Hebrew Daf Yomi by Rav Adin Steinsaltz
Our daf opens with a discussion of the obligation of lina- staying over in Jerusalem even after having sacrificed the obligatory korbanot associated with the three pilgrimage holidays of Pesah, Shavu'ot and Sukkot. Regarding the holiday of Passover, the Torah (Devarim 16:7) commands that the korban Pesah must be eaten in the place chosen by God and that "you shall turn in the morning and go to your tents." This passage is understood by the Sifre as commanding people who come to the Temple to stay overnight, leaving only the next morning. This obligation is explained by the Sefat Emet as stemming from a desire to show that a visit to the Temple is not simply a brief stopover, but is rather a significant, overnight stay. How long does one need to remain in Jerusalem in order to fulfill the obligation of lina? We find three main positions on this question:
  • Rashi teaches that a person must stay until the morning after the first day of the holiday.
  • Tosafot argue that for Pesah and Sukkot, which are each weeklong holidays, a person must stay for the entire Yom Tov.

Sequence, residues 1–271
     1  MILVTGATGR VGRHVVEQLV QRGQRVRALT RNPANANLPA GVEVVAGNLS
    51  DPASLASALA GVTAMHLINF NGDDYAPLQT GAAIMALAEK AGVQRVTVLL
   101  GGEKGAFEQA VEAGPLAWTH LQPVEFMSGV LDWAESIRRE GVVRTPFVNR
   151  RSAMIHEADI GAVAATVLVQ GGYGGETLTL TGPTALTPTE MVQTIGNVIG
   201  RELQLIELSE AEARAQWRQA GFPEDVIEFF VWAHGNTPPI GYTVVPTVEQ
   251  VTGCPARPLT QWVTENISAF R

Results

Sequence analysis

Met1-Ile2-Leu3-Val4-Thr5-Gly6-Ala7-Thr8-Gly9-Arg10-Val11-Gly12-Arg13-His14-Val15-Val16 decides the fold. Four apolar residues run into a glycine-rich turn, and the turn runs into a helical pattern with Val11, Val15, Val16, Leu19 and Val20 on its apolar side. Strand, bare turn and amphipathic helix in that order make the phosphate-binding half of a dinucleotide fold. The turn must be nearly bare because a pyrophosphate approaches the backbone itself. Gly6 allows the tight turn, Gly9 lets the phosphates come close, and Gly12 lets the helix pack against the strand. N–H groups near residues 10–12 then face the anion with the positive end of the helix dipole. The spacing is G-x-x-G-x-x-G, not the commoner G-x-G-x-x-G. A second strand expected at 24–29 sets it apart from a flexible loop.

• Another opinion suggests that we must differentiate between Sukkot, where a person is obligated to remain in Jerusalem for the entire holiday, and Pesah, where the obligation is to remain only the first day. The need to remain for all of Sukkot is supported by the need to bring a unique sacrifice on each day of the holiday (called parei ha-hag, see Bamidbar 29:12-38) and is further suggested by the simple reading of the story of the consecration of the Temple in Sefer Melakhim (see I Melakhim 8:65-66).
The Ritva suggests another approach, which distinguishes between the obligation that stems from the sacrifice, which is only one day, and the obligation that stems from the holiday itself, which will obligate people to remain until the Yom Tov is over.
Rosh HaShana 4a-b: A Full-Fledged Righteous Person
13/10/2021 - 7th of Cheshvan, 5782
This Daf Yomi series is a unique opportunity to study a page of Talmud each day with one of the world’s foremost Jewish scholars. We are privileged to present these insights and chidushim drawn from the English version of the Koren Talmud Bavli with Commentary by Rabbi Adin Steinsaltz. Join thousands of students, scholars, readers and teachers worldwide in completing the study of the entire Talmud in a 7-year cycle. Read more about the history of Daf Yomi Talmud study. You can also browse the Daf Yomi Archives by date or by tractate.
Hebrew Daf Yomi by Rav Adin Steinsaltz